TBY talks to Bashar Kiwan, CEO of Al Waseet International-Al-Balad News, on the media sector in Lebanon, income channels, and the possibilities for franchising.
TBY How does freedom of the press and expression in Lebanon compare with countries in the region? How has the Lebanese press performed in responding to and covering the Arab spring?
BASHAR KIWAN Beirut has a vibrant media community with relatively high principles and is free from state control. The country is an exception compared to its Arab neighbors in terms of pluralism of the press and broad range of readers. However, the Lebanese press along with the Arab and Western media has been selective in its coverage of the Arab spring. Each one has its own agenda when it comes to the Arab revolutions. Only the new electronic social media such as Facebook, Twitter, and YouTube are credited with sparking and fanning the flames of the Arab revolutions and making a difference.
What trends have you noticed in the Lebanese market in recent years?
After a slowdown in 2005 and 2006, advertising spending in Lebanon has been growing—with 2010 a record year, exceeding all expectations despite fears of the global financial crisis affecting local spending. Although there is a general trend of summer dips and high clutter toward the end of the year, spending habits are slightly changing to peak around special events like Ramadan and Christmas. The advertising trends in Lebanon are theme-centered; brands go where the consumers’ consumption patterns are headed for the season.
What have been the main sources of income?
Our success centers on three fundamental key factors to best serve our advertisers and readers: developing local content, circulation based on subscription, and advertising sales. In Al-Balad Beirut, most of our revenues are generated from advertising and copy sale—40% copy sales mainly home subscriptions rather than point of sale, and 60% from advertising; this is our competitive edge over other dailies. The high market penetration and circulation rates indicate that the company’s strategic approach has thus far been a success. For instance, with 20 million weekly readers, Al Waseet is currently the only regional publication offering such wide coverage, with a cumulative market penetration of 77%. Although we still face competition in many markets, we remain nonetheless leaders in our category.
How much of your expansion will be based on franchising, and how much from official branches?
Franchising as a sustainable business strategy depends primarily on Al Waseet International’s (AWI’s) performance in the
media-advertising sector. The company is now able to detail business processes from marketing protocols to distribution methodologies. We have always explored franchising, even though most of our expansion is based on true ownership. Nevertheless, we are considering corporate investments to further expand our business models and brands.
What is the significance of your deal with TIME Inc. to launch Fortune Arabia?
Time Inc., over the past 80 years, has worked really hard to build a brand all over the world, and therefore chooses its local partners via a careful selection process. The process is implemented for all their licensees, which involves a pitch between several publishing firms. AWI was chosen because of the unique business model that it represents and the in-depth search for content excellence and credible news. Our deal consists of a long partnership over seven years to launch Time Inc. brands in the region, and we have started with Fortune in the UAE and Kuwait and they will be followed by Saudi Arabia, the Levant region, Qatar, Bahrain, and Egypt. Fortune Arabia is a mix between the premium international content of Fortune US and local content developed for and from the region. The objective is to publish an international title with local input and understanding written by local editors from the region who value the traditions and culture of the area. In past decades we have witnessed a change in the Middle East, with a clear tendency toward a corporate environment from family-owned or managed groups. This atmosphere represents a perfect surrounding for Fortune as it is directly linked with transparency and a more competitive atmosphere.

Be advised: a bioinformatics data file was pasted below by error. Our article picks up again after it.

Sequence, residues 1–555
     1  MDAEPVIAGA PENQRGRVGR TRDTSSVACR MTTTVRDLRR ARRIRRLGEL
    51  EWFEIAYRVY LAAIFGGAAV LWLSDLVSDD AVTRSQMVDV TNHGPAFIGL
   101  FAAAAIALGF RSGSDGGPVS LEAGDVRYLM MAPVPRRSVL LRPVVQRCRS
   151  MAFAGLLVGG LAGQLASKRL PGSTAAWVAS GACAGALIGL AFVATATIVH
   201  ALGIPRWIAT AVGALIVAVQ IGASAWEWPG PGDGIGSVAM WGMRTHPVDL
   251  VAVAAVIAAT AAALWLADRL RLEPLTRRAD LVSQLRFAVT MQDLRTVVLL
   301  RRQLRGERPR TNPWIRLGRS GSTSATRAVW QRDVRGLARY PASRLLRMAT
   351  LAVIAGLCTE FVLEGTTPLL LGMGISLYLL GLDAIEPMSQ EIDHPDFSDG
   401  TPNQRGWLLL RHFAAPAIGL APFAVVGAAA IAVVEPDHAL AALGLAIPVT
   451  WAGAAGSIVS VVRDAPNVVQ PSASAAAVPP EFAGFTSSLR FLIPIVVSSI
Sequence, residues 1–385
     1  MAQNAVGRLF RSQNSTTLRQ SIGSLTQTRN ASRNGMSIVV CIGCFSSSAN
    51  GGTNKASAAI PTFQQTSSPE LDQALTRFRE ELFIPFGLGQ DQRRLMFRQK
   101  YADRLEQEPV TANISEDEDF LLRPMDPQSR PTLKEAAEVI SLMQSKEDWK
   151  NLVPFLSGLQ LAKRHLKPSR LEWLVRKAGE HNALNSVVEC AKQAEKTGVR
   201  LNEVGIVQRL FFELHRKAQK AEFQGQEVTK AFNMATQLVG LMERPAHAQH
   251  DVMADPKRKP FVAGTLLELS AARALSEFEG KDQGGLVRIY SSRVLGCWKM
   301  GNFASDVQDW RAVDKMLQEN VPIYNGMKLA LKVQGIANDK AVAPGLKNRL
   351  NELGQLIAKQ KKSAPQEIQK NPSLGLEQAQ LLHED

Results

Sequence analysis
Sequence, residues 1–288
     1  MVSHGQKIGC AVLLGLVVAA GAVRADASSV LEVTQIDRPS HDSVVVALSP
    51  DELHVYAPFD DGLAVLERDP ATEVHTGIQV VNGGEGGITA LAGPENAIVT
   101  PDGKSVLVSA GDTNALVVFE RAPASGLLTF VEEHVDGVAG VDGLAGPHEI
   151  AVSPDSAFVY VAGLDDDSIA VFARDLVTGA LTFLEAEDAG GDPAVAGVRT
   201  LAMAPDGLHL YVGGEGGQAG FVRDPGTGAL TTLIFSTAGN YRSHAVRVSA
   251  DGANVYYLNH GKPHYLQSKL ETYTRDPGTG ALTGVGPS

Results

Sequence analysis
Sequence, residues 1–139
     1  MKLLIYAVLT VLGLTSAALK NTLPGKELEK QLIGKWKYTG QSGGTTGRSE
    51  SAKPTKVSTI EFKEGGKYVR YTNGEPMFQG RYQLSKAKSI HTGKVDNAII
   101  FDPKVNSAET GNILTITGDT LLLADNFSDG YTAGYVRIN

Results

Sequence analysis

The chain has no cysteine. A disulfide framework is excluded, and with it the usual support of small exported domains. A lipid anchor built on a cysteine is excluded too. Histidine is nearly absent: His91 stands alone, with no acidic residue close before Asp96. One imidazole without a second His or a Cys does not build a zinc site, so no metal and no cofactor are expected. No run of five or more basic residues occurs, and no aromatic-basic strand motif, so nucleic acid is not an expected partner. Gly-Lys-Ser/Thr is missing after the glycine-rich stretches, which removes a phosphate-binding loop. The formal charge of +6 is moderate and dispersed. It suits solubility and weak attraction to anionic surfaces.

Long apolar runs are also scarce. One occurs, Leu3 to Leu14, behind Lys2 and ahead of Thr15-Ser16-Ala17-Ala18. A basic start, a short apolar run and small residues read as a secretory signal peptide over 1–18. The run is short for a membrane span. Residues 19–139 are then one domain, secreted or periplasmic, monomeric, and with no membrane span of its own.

What innovations in the print media business model do you believe are needed in the age of the internet?
The online scene has created a new reality for the advertising world. In September 2010, we entered into a co-marketing agreement with Google whereby Waseet and Waseet.net offer their customers, in the MENA region, Google AdWords vouchers. We have always monitored market dynamics when introducing new products and solutions. Today there is reason to believe that the online advertising industry holds a lot of potential with a current global market size. This is why we are also planning to invest in some digital online properties related to strengthening and expanding the presence of our media across a market with a lot of potential.
What projects or acquisitions are in the pipeline for AWI?
There are many projects in the pipeline in different sectors and in different countries. With AWI’s experience and successful international expansion, no company is more fit to establish a lucrative business model that can be emulated and operated profitably anywhere in the world. Franchising, therefore, makes a lot of sense for AWI and has become a crucial step in the company’s ongoing development. It will undoubtedly take the AWI business model to the next level.
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